ALEC will have to do without Redmond, it seems
Caught red-handed: UK cops, PCSOs, specials behaving badly… on social media
No Mr Fuzz, don't ask a crime victim to be your pal on Facebook
Barnes & Noble: Swallow a Samsung Nook tablet, please ... pretty please
Novelslab finally on sale with ($199 - $20) price tag
Ballmer leaves Microsoft board to spend more time with his b-balls
From Clippy to Clippers: Hi, I see you're running an NBA team now ...
Kate Bush: Don't make me HAVE CONTACT with your iPHONE
Can't face sea of wobbling fondle implements. What happened to lighters, eh?
Video of US journalist 'beheading' pulled from social media
Yanked footage featured British-accented attacker and US journo James Foley
Amazon takes swipe at PayPal, Square with card reader for mobes
Etailer plans to undercut rivals with low transaction fee offer
Assange™: Hey world, I'M STILL HERE, ignore that Snowden guy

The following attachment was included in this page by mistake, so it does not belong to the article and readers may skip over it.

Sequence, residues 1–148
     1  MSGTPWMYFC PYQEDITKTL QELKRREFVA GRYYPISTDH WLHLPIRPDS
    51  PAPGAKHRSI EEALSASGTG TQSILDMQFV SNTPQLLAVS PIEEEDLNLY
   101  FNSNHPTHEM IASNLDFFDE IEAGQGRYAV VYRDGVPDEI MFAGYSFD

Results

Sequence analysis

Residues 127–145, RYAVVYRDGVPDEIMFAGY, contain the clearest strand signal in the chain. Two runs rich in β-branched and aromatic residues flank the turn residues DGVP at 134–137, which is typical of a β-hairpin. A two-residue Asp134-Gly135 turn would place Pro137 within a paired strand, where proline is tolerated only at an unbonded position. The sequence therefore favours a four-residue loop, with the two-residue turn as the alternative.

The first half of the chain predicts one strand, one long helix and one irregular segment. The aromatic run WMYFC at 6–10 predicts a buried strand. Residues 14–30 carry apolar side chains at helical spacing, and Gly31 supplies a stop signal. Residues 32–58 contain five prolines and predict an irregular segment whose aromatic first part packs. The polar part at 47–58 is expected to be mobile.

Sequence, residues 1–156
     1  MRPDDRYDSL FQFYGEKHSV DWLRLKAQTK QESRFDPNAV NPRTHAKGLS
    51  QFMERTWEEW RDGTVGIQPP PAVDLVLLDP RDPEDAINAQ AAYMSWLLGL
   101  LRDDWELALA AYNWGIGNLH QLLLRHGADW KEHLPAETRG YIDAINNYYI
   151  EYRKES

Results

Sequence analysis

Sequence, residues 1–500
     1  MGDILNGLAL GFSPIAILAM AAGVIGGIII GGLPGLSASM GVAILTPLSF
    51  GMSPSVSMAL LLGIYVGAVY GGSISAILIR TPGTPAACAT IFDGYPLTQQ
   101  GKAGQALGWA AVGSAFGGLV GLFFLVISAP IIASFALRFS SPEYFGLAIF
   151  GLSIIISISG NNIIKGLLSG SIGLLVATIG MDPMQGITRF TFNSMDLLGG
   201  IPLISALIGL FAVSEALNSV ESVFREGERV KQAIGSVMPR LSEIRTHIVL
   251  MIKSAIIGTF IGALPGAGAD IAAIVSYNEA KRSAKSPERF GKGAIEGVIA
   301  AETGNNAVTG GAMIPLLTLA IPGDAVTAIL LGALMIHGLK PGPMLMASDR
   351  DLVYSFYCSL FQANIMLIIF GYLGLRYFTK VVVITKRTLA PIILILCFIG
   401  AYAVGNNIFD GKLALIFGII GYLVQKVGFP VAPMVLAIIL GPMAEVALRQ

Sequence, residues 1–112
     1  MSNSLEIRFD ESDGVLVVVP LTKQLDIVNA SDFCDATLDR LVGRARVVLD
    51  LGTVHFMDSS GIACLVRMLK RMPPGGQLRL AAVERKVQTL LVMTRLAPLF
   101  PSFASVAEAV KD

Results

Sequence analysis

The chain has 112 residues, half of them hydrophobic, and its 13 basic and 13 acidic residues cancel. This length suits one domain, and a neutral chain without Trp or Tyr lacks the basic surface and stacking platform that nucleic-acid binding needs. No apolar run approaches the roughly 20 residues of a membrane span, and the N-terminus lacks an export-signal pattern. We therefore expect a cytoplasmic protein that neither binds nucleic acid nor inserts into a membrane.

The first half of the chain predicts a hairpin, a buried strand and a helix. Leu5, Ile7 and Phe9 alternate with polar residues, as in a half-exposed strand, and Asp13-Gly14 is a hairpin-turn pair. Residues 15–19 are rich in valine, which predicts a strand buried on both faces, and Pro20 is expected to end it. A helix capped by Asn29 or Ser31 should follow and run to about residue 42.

Press conference: ME ME ME ME ME ME ME (cont'd pg 94)
Call of Duty daddy considers launching own movie studio
Activision Blizzard might like quality control of a CoD film
prev story

Whitepapers

Implementing global e-invoicing with guaranteed legal certainty
Explaining the role local tax compliance plays in successful supply chain management and e-business and how leading global brands are addressing this.
7 Elements of Radically Simple OS Migration
Avoid the typical headaches of OS migration during your next project by learning about 7 elements of radically simple OS migration.
BYOD's dark side: Data protection
An endpoint data protection solution that adds value to the user and the organization so it can protect itself from data loss as well as leverage corporate data.
Consolidation: The Foundation for IT Business Transformation
In this whitepaper learn how effective consolidation of IT and business resources can enable multiple, meaningful business benefits.
High Performance for All
While HPC is not new, it has traditionally been seen as a specialist area – is it now geared up to meet more mainstream requirements?